For whiling away a Thursday morning, photos from a 1971 issue of LIFE, featuring rock musicians with their moms and dads. Below, from top to bottom: Frank Zappa, Joe Cocker, Eric Clapton, Grace Slick, and Elton John (whose mother was quoted as saying, "We used to put him to bed in the day and get him up at night for parties").
See more at LIFE, here. Photos by John Olson (Time & Life Pictures/Getty Images).
This tiny apartment is located in an attic in Madrid and belongs to a DJ, two facts that should automatically qualify it as the coolest place on Earth. In addition, though, it hosts a multitude of secrets and surprises: trap doors, hidden rooms, movable walls. There's also a swing, a tea room, a hanging table, and a disco ball. "Every house, in its way, is a theater where you perform your everyday life," say the architects. I love that.
Thanks, Fast Company. Visit architecture firm elii's website, here. Images by Miguel de Guzman.
And speaking of interiors, my newest interview for Freunde von Freunden is up today. It features fashion designers Mike Eckhaus and Zoe Latta, who make clothing out of materials like clear leather and fishing line. My favorite bit from our interview? Zoe's remark about an unfortunate haircut from her younger days: "I looked exactly like David Hockney and no one told me it wasn't okay." See the full feature, with photos by Brian Ferry, here.
There was a moment yesterday when I swore I could feel spring. I could feel its brightness, its colors. I could smell it. It felt tangible, and so close. Then I remembered it was January, and 35 degrees. That 35 degrees felt like spring because we'd just had nearly a week of weather with temperatures in the teens. Still, I remembered spring. And that made me happy.
While I've always loved the thread-wrapped arrows and silkscreened moon dominoes created by Brooklyn artists Fredericks & Mae, today was my first introduction to the duo's line of spring-like flowered kites, made to commemorate the Roman titan Flora. Says Gabriel Fredericks Cohen, "We're consistently attracted to items that occur in multiple contexts across the globe and throughout history. The arrow shows up in every culture on every continent. So do kites."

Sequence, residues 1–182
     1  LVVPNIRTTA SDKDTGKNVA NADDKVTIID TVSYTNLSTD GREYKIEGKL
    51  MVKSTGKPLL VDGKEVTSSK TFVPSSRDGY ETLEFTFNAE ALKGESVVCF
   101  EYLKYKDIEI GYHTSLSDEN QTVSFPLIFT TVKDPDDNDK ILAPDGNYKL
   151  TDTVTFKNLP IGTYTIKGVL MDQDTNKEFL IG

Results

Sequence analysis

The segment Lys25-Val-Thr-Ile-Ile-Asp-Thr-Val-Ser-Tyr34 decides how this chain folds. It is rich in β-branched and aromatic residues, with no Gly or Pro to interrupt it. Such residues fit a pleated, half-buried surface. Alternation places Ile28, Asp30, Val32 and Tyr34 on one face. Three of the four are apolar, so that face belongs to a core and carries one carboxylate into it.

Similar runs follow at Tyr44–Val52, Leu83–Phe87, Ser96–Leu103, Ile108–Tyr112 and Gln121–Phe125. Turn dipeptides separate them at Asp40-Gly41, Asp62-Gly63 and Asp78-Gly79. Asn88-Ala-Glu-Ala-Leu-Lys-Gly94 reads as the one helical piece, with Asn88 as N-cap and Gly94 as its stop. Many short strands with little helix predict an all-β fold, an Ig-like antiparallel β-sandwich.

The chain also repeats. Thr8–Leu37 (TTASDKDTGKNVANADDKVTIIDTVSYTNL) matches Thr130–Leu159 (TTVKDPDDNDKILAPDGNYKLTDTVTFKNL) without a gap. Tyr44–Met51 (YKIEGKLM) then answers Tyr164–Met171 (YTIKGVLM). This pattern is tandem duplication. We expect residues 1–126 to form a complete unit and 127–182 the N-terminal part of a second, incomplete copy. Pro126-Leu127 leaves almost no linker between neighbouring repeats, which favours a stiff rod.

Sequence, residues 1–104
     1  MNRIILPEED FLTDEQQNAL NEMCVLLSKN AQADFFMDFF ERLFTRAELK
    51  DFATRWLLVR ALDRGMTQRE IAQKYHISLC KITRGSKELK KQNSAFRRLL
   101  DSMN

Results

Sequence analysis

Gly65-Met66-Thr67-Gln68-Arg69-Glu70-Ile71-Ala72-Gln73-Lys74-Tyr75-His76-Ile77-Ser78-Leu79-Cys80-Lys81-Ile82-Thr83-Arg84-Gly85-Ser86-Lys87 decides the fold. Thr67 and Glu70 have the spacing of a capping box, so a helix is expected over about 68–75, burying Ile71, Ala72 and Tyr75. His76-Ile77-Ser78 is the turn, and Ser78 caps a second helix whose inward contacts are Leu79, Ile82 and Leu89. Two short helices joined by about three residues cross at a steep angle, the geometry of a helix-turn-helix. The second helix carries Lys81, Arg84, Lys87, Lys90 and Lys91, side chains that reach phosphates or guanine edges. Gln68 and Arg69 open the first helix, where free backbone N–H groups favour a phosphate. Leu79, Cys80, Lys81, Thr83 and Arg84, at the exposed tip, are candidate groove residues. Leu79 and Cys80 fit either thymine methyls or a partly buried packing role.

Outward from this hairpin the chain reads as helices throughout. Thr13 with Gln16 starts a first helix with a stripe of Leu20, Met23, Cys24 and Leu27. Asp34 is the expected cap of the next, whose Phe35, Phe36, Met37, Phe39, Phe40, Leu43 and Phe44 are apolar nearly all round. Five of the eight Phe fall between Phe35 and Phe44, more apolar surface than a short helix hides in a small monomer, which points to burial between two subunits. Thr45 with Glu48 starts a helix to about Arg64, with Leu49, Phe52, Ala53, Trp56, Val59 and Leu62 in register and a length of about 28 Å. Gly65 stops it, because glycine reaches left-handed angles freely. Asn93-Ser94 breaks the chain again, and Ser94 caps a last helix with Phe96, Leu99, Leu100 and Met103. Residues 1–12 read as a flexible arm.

Make the world's most beautiful cookies with cutters by Printmeneer of the Netherlands: Mad Hatters, golden ratios, 1990s Volvo station wagons. You can even make a chocolate bar shaped cookie, as shown here. Just what I've always wanted.
POV ("point of view") is a series that addresses many of the same themes covered in my Equals Record column: growing up, saying yes to adventure, learning to embrace a quarter-life crisis. Each POV entry will include a photograph and a short reflection based on what’s pictured. While my previous column focused largely on ideas, POV focuses on moments - glimpses, glances, tiny stories.
A few nights into the new year, a group of friends came over and we baked macaroons while a snow storm brewed. When the cookies were done, we drizzled them in chocolate, drank cups of whiskey, and climbed the stairs to the roof where we lay on frozen chaise lounges and turned cartwheels in the snow. Across the street, people turned their lights on and watched us through their windows. We waved. A few waved back. One couple started jumping on their bed.
“This is the best start to the year ever,” someone said, and we all agreed.
Days later, three friends were jobless, two had ended relationships, nearly all of us were sick, and the city had been plunged into the icy depths of something called a polar vortex. I looked at Megan from across the table at our favorite coffee shop. “Now what?” I said.
Painter Lee Price's photorealistic self portraits are impressive to begin with, but it was her explanation for choosing to focus on a woman's relationship with food that really got me. She tells Don't Panic: "Often, women are brought up to control their appetites. Not just for food, but in many areas of life. We are taught to be givers, to nurture others at the expense of our own needs (in a way that men are not). I think food, for some reason, is one way we have chosen to give back to ourselves - to attempt to nurture ourselves."